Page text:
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5 tips to keep your teen safe on the road

SPONSORED — It’s the day every parent dreads: when you hand your car keys over to a freshly licensed 16-year-old driver. If you share this fear, your worries aren’t unfounded. According to a 2016 New York Times article, driving is one concern about which parents don’t worry enough. As researcher Nichole Morris said in the piece, “the most dangerous two years of your life are between 16 and 17, and the reason for that is driving.”

If you have a teen who is or will soon be a new driver, there are a few things they should know before they ever get behind the wheel.

Ditch distractions

Adults are guilty of it too, but when it comes to driving distracted, teens seem to pay a higher price. According to TeenSafe, distracted driving causes about a quarter of all vehicle crash fatalities. Of those crashes, teens make up the largest age group claiming to be distracted before the accident. It’s a problem with catastrophic consequences, and any teen driver should know the importance of avoiding distractions.

“We’re distracted so much,” said Ben Zacher of Point S Affordable Tire & Service in Seattle. “Teens really need to pay attention, because they’re not just endangering themselves. They’re driving around a two-ton deadly weapon.”

Be safe — from the ground up

When caring for their cars, teens should think from the ground up. According to Zacher, that means tires, brakes and suspension.
“If anything is wrong in those areas, it could cause a dangerous situation,” he said. With tires, teens should be able to check the tread depth — the old tried-and-true penny version still works. It’s also critical to recognize the signs of failing brakes.

“Anytime there’s a noise coming from the wheels, the most common cause of that is a brake problem,” said Mark Cushing, president of Good Neighbor Tire Point S in Renton. “That could be squealing, high-pitched sounds or grinding noises. And if you feel a vibration when you apply your brakes, it could indicate there’s a problem developing.”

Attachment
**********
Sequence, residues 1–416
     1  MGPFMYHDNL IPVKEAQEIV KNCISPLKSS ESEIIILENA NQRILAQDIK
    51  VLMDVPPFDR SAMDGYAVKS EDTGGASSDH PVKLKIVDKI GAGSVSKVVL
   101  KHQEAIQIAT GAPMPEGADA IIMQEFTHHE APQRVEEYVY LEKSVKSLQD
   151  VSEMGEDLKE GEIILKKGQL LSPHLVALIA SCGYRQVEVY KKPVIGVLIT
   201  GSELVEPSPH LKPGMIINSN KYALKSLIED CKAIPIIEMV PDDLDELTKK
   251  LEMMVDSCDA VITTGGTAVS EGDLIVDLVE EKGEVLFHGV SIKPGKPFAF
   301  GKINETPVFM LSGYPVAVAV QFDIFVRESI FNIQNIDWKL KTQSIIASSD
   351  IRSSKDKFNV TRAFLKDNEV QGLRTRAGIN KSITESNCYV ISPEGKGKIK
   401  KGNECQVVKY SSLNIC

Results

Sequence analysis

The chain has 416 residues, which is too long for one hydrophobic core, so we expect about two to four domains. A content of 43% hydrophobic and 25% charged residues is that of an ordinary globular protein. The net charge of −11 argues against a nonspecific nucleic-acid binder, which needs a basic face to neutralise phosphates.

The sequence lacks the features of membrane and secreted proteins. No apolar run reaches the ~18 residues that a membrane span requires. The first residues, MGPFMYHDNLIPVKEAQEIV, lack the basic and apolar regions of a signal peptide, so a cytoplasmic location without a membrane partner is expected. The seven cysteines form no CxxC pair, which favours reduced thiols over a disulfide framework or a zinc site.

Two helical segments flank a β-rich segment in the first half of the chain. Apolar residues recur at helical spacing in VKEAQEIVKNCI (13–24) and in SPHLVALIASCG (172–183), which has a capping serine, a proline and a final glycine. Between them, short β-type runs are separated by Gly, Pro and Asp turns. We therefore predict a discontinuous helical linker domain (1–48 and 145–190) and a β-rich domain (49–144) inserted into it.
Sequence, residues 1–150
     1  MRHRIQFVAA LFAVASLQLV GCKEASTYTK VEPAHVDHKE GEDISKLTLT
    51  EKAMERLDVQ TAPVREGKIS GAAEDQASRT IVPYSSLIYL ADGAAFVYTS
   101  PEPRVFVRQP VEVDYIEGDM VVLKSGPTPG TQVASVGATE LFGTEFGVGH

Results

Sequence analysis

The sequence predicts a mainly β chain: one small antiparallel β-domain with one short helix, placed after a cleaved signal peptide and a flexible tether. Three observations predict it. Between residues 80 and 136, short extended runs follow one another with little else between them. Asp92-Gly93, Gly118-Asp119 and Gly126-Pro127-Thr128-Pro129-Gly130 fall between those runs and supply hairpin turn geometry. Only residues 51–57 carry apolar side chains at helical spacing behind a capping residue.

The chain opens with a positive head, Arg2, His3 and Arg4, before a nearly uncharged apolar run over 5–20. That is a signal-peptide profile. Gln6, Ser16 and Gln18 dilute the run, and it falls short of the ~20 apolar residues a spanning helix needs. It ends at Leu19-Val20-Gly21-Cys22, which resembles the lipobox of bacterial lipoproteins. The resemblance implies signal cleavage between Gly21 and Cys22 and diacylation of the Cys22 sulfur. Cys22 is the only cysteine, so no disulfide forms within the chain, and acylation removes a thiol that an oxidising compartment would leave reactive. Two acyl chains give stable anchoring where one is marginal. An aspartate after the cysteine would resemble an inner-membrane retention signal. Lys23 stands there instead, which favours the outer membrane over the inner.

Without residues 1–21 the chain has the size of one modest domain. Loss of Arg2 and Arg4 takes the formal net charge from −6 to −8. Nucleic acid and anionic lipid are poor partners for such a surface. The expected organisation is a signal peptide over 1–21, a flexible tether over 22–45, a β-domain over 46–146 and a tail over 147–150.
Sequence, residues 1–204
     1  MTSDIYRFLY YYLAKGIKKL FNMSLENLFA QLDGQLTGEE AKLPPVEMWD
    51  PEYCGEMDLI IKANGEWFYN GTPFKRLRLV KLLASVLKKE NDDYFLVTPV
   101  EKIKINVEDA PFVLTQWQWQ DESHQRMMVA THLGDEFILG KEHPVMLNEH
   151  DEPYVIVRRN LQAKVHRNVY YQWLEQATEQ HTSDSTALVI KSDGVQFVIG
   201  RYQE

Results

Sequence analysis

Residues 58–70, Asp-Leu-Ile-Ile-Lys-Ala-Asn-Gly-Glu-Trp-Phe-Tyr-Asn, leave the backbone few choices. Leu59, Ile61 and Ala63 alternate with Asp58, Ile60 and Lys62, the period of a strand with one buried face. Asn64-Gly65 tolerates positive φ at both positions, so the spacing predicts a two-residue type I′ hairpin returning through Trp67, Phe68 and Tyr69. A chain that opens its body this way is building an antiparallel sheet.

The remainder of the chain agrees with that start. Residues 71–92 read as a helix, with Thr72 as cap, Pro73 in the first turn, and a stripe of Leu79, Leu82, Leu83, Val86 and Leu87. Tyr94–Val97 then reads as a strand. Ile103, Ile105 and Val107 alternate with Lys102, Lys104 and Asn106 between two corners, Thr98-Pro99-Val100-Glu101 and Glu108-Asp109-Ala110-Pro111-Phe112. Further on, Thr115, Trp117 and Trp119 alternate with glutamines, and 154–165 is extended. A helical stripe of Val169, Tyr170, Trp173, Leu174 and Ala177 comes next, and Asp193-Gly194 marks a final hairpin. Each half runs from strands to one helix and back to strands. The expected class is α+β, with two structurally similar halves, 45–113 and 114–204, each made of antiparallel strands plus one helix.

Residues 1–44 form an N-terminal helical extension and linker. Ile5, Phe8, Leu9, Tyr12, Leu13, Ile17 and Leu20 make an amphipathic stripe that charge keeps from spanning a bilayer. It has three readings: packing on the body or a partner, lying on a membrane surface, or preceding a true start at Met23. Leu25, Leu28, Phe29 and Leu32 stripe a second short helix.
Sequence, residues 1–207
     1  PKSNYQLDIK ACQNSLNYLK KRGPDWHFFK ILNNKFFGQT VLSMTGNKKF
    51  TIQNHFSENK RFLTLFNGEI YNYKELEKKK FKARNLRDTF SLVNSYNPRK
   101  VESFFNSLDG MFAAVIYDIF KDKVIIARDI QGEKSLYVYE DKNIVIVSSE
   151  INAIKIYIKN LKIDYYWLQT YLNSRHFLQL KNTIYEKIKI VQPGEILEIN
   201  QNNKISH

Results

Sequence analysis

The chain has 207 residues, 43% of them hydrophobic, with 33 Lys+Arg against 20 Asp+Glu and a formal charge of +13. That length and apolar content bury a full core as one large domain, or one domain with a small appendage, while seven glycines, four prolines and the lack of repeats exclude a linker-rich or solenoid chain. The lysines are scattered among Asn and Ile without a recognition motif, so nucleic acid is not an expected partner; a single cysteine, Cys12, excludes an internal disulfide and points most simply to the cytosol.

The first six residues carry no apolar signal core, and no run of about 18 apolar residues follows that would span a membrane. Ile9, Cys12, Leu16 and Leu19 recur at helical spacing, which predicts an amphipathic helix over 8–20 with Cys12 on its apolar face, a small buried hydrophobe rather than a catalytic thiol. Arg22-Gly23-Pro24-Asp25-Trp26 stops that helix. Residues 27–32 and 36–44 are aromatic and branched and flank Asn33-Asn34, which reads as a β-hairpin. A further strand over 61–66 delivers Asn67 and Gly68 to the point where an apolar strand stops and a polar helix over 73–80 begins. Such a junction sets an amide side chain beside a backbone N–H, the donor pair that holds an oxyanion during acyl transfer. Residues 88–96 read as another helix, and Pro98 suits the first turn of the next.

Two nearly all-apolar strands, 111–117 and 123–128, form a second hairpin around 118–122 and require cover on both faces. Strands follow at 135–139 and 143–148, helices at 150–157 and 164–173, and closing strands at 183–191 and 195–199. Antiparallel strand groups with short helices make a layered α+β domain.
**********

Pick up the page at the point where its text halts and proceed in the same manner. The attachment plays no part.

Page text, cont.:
Know what to do in an emergency

If you’ve been around the block (literally) as a driver, you know car problems are an inevitable part of life. But knowing how to deal with an emergency comes with experience. Before your teen gets behind the wheel, she should know what to do if she’s ever stranded or in an accident. This includes having the vital information always on hand: insurance and auto club membership cards, auto registration and driver’s license. Your teen should also have the number of a reputable, dependable auto or tire shop on hand in case he needs assistance with tires, brakes or other mechanical issues.

Know the ‘vitals’

Accidents on the road aren’t limited to crashes. If teen drivers don’t know the basics of auto mechanics, they may find themselves in a tough (or flat or overheated or broken) situation. If your teen doesn’t know how to change a tire (or even where the spare is stored), you’d better hope the roads he travels are free of potholes, nails or other debris. But changing a tire is just the beginning.

“Teens should know how to check all the vitals,” said Ed Tuck, president and CEO of T&T Tire Point S. “That’s the coolant, the oil level, the transmission fluid level and the air pressure on their tires.”

If your teen doesn’t have time to take an auto mechanics class, she could get a mini-tutorial by visiting a local garage or tire center.

“They can always come see us for a free safety inspection,” said Tuck, whose Tacoma store has been family-owned and operated for more than 63 years. “Even if you want to get pointers on how to check those vitals, any of our Point S stores would love to show them how and what to check for safety.”

Be aware

It’s not just cellphones that steal teens’ attention. Without proper focus, your teen could overlook something crucial on the road — such as a slowdown ahead or an obstacle in the street. Additionally, before getting in the car, your teen should be prepared to drive in the current conditions.

“Definitely bring the car in to a tire place to make sure the tires are OK for winter conditions,” Tuck said. “Less than 4/32 tread depth increases the braking and stopping distance and doesn’t give the driver as good traction in braking.”

To make sure your teen is prepared to take on the road, bring your car to a Point S location for a free safety inspection.

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